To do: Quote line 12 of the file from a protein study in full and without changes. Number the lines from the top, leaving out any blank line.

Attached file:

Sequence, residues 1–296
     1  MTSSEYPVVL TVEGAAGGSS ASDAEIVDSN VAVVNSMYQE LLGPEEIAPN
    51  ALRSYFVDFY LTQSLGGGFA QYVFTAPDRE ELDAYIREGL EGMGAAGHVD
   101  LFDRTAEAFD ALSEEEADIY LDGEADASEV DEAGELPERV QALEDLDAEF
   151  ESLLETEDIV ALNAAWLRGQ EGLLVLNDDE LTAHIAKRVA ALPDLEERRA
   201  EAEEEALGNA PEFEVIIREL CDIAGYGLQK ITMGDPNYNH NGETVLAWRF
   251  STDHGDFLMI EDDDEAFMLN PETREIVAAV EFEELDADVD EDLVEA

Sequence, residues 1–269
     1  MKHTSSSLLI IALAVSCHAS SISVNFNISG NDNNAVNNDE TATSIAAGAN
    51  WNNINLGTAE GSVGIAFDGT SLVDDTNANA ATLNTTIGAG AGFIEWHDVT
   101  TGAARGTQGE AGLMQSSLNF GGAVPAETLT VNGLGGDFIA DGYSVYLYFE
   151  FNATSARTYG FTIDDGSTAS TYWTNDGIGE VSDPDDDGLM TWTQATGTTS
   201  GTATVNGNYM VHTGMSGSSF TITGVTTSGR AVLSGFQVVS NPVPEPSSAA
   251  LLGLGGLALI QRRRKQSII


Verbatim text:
   151  FNATSARTYG FTIDDGSTAS TYWTNDGIGE VSDPDDDGLM TWTQATGTTS